The seasons are for celebrating! And these lively board books do just that while coaxing toddlers out-of-doors to explore the possibilities. Simple activities, such as mixing a mud pie or swooshing a snow angel, offer a tangible introduction to words, weather, and the five senses, as well as the many ways to play in the winter, spring, summer, and fall!
What Can You Do in the Sun? is one of four board books that include: What Can You Do in the Rain?, What Can You Do in the Snow? and What Can You Do in the Wind? for year-round fun.
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Anna Grossnickle Hines's studio window looks out on her wild woodland garden. This lovely, familiar view inspired her to write Miss Emma's Wild Garden. She lives in Milford, Pennsylvania. In Her Own Words...
"As a child I was very shy, but I enjoyed the attention I got from having my first-grade teacher put my drawings up on the wall. I remember sitting in my father's chair at the age of seven, looking at a Little Golden Book version of Heidi and telling my mother, "When I grow up, I want to make books for boys and girls." She said simply, "If that's what you want to do, that's what you should do."
"All the time I was growing up, first in rural Ohio, then, after my eleventh birthday, in Los Angeles, California, I read and drew. Sometimes I wrote, but I was shyer about that and usually tore it up. My parents and teachers encouraged me, but none of them could tell me much about how to go about "making books."
"In college my teachers told me that I had too much talent to waste on children's books, that "only Picasso gets away with drawing children," that I should "go have a baby and get it out of [my] system" and come back when I was ready to do " real art. " So at the end of my third year, having taken all the basic art courses, a class in children's literature, and another in child care and management, I left school to study on my own.
"I checked out stacks of books from the library and read them to the preschoolers in the daycare center where I worked. I read books about writing and illustrating books for children, and experimented with printing techniques. I also started writing: poetry at first, then a few picturebook stories, timidly sharing them with friends. Although they encouraged me, I still didn't know how to go about submitting my work to a publishing company.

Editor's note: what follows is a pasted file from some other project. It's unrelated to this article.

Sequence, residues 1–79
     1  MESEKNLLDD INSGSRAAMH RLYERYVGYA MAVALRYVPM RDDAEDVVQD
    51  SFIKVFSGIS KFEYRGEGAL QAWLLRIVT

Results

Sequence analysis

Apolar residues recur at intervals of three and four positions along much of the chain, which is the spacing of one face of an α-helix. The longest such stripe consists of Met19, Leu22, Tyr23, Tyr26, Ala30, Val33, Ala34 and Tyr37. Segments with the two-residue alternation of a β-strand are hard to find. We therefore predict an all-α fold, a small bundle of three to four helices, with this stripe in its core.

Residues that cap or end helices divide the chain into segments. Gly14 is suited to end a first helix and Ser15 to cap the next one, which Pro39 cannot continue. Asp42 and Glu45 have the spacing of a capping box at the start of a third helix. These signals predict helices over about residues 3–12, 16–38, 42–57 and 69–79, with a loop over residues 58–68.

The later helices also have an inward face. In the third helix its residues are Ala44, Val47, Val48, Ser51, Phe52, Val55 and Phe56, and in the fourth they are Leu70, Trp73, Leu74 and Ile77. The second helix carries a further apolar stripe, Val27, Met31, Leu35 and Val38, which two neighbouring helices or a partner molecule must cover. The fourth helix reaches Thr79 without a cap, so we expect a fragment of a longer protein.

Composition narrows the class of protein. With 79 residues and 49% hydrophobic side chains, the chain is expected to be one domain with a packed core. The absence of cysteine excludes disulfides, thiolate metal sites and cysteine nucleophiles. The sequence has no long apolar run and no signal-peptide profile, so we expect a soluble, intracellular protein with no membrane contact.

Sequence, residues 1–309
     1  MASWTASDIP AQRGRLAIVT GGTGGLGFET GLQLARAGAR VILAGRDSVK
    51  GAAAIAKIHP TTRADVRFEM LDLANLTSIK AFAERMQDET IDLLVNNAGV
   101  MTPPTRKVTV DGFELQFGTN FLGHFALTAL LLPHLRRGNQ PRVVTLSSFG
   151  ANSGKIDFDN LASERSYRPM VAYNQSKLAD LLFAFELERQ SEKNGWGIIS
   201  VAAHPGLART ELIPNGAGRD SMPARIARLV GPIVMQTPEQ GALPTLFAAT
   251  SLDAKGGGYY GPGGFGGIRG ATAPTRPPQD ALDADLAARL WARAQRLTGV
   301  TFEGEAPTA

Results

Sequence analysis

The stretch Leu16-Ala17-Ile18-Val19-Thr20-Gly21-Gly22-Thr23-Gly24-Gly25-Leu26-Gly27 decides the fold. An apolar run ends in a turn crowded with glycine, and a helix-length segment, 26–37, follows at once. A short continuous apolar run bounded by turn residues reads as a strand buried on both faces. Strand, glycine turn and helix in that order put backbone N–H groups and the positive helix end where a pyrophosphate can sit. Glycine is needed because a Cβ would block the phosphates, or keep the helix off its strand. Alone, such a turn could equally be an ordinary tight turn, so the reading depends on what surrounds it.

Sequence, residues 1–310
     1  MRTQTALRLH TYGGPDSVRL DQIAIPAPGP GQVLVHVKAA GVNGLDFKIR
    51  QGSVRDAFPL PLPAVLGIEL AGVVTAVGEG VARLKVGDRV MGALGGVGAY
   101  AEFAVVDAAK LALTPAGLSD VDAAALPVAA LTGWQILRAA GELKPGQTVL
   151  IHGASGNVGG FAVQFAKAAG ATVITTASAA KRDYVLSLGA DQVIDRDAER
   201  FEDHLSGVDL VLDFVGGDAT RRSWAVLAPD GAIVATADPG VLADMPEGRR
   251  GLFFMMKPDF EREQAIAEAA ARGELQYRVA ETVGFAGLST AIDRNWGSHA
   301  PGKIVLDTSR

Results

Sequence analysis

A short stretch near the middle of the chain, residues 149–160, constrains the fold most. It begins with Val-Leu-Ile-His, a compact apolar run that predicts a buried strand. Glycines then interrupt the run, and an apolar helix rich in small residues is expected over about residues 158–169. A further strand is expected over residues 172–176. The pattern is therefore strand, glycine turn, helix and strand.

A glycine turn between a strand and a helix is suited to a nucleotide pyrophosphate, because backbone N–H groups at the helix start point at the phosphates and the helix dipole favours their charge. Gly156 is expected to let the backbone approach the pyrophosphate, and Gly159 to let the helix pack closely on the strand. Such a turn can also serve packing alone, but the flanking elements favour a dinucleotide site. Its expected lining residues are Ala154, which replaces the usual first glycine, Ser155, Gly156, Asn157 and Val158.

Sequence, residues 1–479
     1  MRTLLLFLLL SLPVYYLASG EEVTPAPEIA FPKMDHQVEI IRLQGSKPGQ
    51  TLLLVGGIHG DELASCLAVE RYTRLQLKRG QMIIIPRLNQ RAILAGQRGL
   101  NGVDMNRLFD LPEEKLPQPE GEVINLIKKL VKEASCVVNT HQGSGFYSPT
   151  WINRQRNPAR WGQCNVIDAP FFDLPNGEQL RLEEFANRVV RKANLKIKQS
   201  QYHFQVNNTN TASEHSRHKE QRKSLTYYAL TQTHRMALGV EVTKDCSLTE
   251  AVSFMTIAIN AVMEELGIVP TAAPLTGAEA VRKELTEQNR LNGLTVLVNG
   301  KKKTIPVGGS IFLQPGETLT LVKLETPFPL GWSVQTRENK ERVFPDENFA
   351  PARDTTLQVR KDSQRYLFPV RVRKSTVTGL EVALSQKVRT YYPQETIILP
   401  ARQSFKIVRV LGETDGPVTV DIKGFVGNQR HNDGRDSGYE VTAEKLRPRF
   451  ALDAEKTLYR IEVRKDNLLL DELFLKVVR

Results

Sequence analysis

"I was twenty-eight years old before I got that information from a Society of Children's Book Writers' conference. By that time, having been married and divorced, I had two young daughters to support, and had earned my degree and teaching credentials from Pacific Oaks College in Pasadena, California.
"During the next eight years I taught third grade, married a songwriting forest ranger named Gary Hines, had a third daughter, continued my writing and drawing, and collected over one hundred encouraging rejection letters from various publishing companies, eighteen of them from Susan Hirschman at Greenwillow Books.
"Then on Friday, November 13th, 1981, instead of sending me a nice rejection letter, Susan called to say, "We'd like to publish Taste the Raindrops." Since then my life has been full indeed, with a wonderful family and work I love.
"I am fascinated by children, by how they think, what they do each day, how they learn about the world around them, their relationships with others. I enjoy sorting it all out and making sense of it, especially as what is commonplace to us is new and engaging to them.
"Every once in a while I have the additional reward of hearing from a child, or parent of a child, for whom one of my books has meant something special. Then I'm really glad I didn't listen to my college teachers."From School Library Journal :
PreSThese toddler-sized board books feature watercolor paintings of multicultural children splashing in puddles, building snowmen, flying kites, and engaging in other weather-appropriate activities. The text is kept to a bare minimum, using a one-, two-, or three-word sentence per double-page spread to describe things to do in each milieu. Matching the simplicity of the narratives, the paintings show a child or two, a cat or a dog, and a touch of background scenery. The rhythm of the sentencesHear it patter; Watch it fallwill appeal to young listeners. Both words and pictures allow them to experience the world through all of the senses, e.g., by tasting rain, watching clouds, feeling sand between the toes, and listening to the wind sing. Perfect introductions to the joys of reading.Dawn Amsberry, formerly at Oakland Public Library, CA
Copyright 1999 Reed Business Information, Inc.
Les informations fournies dans la section « A propos du livre » peuvent faire référence à une autre édition de ce titre.
Description du livre Greenwillow Books, 1999. Board book. État : New. N° de réf. du libraire P110688160794
Description du livre Greenwillow Books. BOARD BOOK. État : New. 0688160794 New Condition. N° de réf. du libraire NEW6.0346784
Description du livre Greenwillow Books, 1999. Board book. État : New. book. N° de réf. du libraire 688160794
Description du livre Greenwillow Books, 1999. Board book. État : New. book. N° de réf. du libraire 0688160794